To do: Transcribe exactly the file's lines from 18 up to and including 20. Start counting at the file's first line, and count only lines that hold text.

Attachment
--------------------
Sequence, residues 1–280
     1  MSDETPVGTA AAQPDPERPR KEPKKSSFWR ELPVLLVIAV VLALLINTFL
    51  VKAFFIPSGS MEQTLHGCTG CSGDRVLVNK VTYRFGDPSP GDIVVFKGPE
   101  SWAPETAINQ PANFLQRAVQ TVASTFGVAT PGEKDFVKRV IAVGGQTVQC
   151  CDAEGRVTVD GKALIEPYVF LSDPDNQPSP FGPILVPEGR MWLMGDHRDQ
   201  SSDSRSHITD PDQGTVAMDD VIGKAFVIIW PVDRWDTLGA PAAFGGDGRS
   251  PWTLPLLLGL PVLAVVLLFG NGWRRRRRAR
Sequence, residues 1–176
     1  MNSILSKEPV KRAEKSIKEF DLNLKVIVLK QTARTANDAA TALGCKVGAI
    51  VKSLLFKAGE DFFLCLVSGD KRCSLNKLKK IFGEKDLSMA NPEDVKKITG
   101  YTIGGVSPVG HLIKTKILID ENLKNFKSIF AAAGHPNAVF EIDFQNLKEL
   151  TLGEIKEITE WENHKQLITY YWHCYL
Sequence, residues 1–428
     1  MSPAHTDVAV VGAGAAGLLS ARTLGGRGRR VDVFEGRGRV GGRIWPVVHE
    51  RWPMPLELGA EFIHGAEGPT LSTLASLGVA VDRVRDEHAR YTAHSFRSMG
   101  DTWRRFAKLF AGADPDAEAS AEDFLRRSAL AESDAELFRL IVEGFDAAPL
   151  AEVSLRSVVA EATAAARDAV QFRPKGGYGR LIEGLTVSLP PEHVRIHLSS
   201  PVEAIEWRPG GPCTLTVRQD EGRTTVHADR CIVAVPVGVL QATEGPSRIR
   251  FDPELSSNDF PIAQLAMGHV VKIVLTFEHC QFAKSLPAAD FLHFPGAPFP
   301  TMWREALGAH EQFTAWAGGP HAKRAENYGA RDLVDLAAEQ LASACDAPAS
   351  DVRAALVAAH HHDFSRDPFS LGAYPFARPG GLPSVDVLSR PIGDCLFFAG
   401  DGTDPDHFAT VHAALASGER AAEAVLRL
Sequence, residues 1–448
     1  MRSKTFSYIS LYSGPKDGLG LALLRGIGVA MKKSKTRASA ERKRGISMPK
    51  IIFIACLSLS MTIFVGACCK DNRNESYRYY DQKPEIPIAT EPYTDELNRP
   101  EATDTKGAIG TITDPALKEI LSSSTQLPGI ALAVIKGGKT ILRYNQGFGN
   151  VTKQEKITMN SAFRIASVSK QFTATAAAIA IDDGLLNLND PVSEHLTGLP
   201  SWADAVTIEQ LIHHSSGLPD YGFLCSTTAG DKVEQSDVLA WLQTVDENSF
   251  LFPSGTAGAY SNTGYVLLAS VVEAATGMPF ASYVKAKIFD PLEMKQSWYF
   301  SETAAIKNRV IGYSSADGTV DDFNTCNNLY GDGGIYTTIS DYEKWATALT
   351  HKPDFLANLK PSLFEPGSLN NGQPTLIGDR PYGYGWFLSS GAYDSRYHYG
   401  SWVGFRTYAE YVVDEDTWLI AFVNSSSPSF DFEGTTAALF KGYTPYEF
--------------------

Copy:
   201  PVEAIEWRPG GPCTLTVRQD EGRTTVHADR CIVAVPVGVL QATEGPSRIR
   251  FDPELSSNDF PIAQLAMGHV VKIVLTFEHC QFAKSLPAAD FLHFPGAPFP
   301  TMWREALGAH EQFTAWAGGP HAKRAENYGA RDLVDLAAEQ LASACDAPAS